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7 Clearinghouse Rev. 1 (1973-1974)

handle is hein.journals/clear7 and id is 1 raw text is: Medical Treatment and the Teenager: The Need for Parental Consent
by Joanne B. Stern,* National Health Law Program, Los Angeles, California

In order to encourage teenagers to seek treatment for
drug related ailments, there is a need for extensive
legislative reform in the area of parental consent. State laws
need to be changed to omit the parental consent require-
ment for teenagers who seek medical treatment for drug
related conditions and to give immunity to physicians who
treat such teenagers without parental consent.
While the prevalence of drug related problems among
teenagers has increased,' the incentive to seek medical help
for such problems has not. One of the primary reasons for
this is the existence of parental consent laws which
effectively prevent or deter the hospital or physician from
treating the teenage drug user without first notifying his
parents and obtaining their consent.2 Since most teenagers
are particularly concerned about preventing parental knowl-
edge of their drug related conditions, such laws tend to
inhibit young drug users from seeking medical treatment
for such problems.
The problem of parental consent involves two major
issues: first, the restrictive state laws which implicitly or
explicitly provide that parental consent is necessary before
medically treating virtually all minors under the age of 21 ;3
*The author acknowledges the assistance of John Merrill on the
researching of this paper.
FACTS (1970).
2.    Generally the statutory mechanism creating the requirement
of parental consent is that of statutes defining the age of majority.
See, e.g., WIS. STAT. §990.01 (20) (1958), amended ch. 213, Laws
1971 which says both men and women attain majority at 18. WYO.
STAT. ANN §14-1.1 (Supp. 1971) to same effect. In most states
there are special provisions which lower the age of consent for
certain medical procedures such as the diagnosis and treatment of
venereal diseases and blood donation. See, e.g., IOWA CODE
§140.9 (1972) which states that minors who are 16 years or older
may consent to medical care related to venereal disease and IOWA
CODE §500.6 (Supp. 1973) allowing minors at least 18 years of age
to donate blood to any voluntary and noncompensatory blood
program. Such a statute by negative implication may indicate that
other procedures require consent if the patient is a minor. For the
possibility of criminal prosecution as well, see Pilpel & Wechsler,
Birth Control, Teenagers and the Law, 1 FAMILY PLANNING
PERSPECTIVES 30 (Spring 1969).
3.   Id. and Zoski v. Gaines, 271 Mich. 1, 260 N.W. 99 (1935);
Zaman v. Schultz, 19 Pa. D7C 309 (1933); Moss v. Rishworth, 222

and second, the apprehensive attitude of physicians and
hospitals (reflected in hospital guidelines and professional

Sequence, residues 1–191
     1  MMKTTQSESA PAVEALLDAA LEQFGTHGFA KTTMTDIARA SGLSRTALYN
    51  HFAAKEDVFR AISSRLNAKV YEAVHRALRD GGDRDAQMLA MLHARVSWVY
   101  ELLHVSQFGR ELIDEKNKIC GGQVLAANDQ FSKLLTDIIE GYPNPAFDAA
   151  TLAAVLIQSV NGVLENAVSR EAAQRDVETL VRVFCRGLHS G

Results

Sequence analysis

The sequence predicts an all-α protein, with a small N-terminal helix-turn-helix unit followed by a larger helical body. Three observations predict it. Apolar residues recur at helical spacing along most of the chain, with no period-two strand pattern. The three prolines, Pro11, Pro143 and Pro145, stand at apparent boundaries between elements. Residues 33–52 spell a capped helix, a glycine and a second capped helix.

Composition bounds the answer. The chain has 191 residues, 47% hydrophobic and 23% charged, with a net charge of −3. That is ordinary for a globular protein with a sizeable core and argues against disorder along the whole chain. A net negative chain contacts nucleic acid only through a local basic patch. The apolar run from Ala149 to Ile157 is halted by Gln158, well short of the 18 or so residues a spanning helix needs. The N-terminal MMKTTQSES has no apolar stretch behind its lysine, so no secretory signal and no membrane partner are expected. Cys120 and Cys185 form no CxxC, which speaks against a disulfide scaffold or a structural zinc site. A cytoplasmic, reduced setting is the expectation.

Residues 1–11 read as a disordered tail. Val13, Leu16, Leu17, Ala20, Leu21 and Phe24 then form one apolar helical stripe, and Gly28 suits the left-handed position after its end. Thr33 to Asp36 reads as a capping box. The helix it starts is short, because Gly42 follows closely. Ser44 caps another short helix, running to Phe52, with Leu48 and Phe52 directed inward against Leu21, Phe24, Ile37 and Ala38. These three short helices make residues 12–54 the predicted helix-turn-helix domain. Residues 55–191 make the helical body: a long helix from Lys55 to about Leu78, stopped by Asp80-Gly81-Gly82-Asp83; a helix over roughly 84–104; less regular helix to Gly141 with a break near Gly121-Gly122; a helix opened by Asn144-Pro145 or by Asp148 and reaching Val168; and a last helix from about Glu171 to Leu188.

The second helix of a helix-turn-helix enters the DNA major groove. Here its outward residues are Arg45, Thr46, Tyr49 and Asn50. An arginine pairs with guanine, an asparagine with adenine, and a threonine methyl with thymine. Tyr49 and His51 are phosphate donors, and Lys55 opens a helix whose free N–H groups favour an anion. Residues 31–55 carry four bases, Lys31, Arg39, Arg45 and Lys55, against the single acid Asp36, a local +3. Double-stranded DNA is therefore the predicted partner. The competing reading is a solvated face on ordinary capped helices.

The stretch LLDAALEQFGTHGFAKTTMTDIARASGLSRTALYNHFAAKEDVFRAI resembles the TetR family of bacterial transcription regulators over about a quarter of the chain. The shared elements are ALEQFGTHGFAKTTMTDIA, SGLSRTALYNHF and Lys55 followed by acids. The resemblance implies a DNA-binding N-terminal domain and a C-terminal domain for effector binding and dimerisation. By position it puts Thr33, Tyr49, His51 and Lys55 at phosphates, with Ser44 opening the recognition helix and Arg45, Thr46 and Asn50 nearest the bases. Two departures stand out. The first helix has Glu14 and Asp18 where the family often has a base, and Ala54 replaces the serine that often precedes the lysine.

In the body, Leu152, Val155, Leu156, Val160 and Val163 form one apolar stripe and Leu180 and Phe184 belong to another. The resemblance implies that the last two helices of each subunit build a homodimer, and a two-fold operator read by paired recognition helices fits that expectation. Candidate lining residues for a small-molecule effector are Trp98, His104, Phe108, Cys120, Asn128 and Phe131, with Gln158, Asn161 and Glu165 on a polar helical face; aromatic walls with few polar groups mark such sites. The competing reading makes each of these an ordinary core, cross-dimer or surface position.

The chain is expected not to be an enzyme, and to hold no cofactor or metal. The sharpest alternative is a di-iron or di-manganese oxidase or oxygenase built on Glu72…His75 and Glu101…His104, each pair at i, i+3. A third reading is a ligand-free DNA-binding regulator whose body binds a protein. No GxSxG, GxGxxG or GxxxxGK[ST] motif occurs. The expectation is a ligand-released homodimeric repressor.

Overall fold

manuals) regarding the potential liability of providers if
they treat minors without their parents' approval.4
Insofar as state rules are concerned, there is a wide
variety of legal approaches to the problem of parental
consent.5 In most states, the general rule is that a physician
must obtain the consent of the parents or the person
standing in loco parentis before examining or treating a
minor except in cases of emergency or where the minor
is emancipated.''6 In many other states, exceptions are
also made for mature minors,7 and for minors who have
S.W. 225 (Tex. Comm. App. 1920); In re Hudson, 13 Wash. 2d 673,
266 P.2d 765 (1942); Bonner v. Moran, 126 F.2d 121 (D.C. Cir.
1941); Bishop v. Shurley, 237 Mich. 76, 211 N.W. 75 (1926);
Sullivan v. Montgomery, 155 Misc. 448, 279 N.Y.S. 575 (1935);
Lacey v. Laird, 166 Ohio St. 12, 139 N.E.2d 25 (1956);all holding
that physician must obtain parental consent before treating a minor.
4.    THE HOSPITAL LAW MANUAL for example states:
The courts have held that, as a general proposition, the
consent of a minor to treatment is ineffective, and that the
physician must secure the consent of the minor's parent or
someone standing in Isicl loco parentis, or risk liability to
the minor of the parent.
II HOSPITAL LAW MANUAL §4-1, at 32a. The Manual also points
out another problem aside from liability for battery. Without the
consent of the parent, the doctor may not be able to obtain an
enforceable obligation for his services.
5.    For a general compilation of such laws see Pilpel & Wechsler,
Birth Control, Teenagers and the Law, 1 FAMILY PLANNING
PERSPECTIVES 29 (Spring 1969).
6.    The exceptions made for treatment given in emergencies have
been created both by case law and by statutes. See, e.g., Luka v.
Lowrie, 171 Mich. 122, 136 N.W. 1106 (1912) and Ala. Pub. Act
No. 2281 (Laws 1971 )-Where delay would increase the risk to the
minor's life. health or mental health. Fla. Sess. Law. ch. 72-131
(1972); ILL. STAT. ANN. ch. 91 §18.3 (Supp. 1972). Some cases
hold that an emancipated minor may effectively consent to all
forms of medical treatment. A similar result is reached by statute in
some jurisdictions. See, e.g., ARIZ. REV. STAT. ANN. §44-132
(1967); CAL. CIV. CODE ANN. § §25.6 and 34.6 emancipated
minors over 15; COLO. REV. STAT. ANN. §§41-2--13 (Laws
1971) over 15; IND. ANN. STAT. § §34--4409.
7.    MISS. CODE     ANN. §7129-1 (h) (Supp. 1971), an
unemancipated minor of sufficient intelligence to understand the
proposed medical or surgical treatment may give effective consent.
HOSPITAL LAW MANUAL, supra note 4, at 39. When a minor is
over the age of fifteen years, his consent alone may be sufficient, if

VOLUME 7, MAY 1973

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